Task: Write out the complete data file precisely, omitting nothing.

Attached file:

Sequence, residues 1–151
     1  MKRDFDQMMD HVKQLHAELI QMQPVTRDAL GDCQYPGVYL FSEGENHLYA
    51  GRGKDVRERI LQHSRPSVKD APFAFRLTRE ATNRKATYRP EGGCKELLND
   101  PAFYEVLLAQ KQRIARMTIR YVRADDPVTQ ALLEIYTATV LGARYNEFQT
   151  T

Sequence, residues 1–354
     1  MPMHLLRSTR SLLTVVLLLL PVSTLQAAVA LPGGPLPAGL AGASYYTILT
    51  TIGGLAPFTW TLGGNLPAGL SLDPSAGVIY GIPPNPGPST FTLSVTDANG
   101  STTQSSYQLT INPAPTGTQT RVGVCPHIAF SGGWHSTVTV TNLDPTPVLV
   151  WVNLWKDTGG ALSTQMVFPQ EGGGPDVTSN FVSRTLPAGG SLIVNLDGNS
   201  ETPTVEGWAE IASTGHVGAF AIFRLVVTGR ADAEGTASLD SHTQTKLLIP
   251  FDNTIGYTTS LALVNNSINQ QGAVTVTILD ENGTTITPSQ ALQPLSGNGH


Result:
Sequence, residues 1–151
     1  MKRDFDQMMD HVKQLHAELI QMQPVTRDAL GDCQYPGVYL FSEGENHLYA
    51  GRGKDVRERI LQHSRPSVKD APFAFRLTRE ATNRKATYRP EGGCKELLND
   101  PAFYEVLLAQ KQRIARMTIR YVRADDPVTQ ALLEIYTATV LGARYNEFQT
   151  T

Sequence, residues 1–354
     1  MPMHLLRSTR SLLTVVLLLL PVSTLQAAVA LPGGPLPAGL AGASYYTILT
    51  TIGGLAPFTW TLGGNLPAGL SLDPSAGVIY GIPPNPGPST FTLSVTDANG
   101  STTQSSYQLT INPAPTGTQT RVGVCPHIAF SGGWHSTVTV TNLDPTPVLV
   151  WVNLWKDTGG ALSTQMVFPQ EGGGPDVTSN FVSRTLPAGG SLIVNLDGNS
   201  ETPTVEGWAE IASTGHVGAF AIFRLVVTGR ADAEGTASLD SHTQTKLLIP
   251  FDNTIGYTTS LALVNNSINQ QGAVTVTILD ENGTTITPSQ ALQPLSGNGH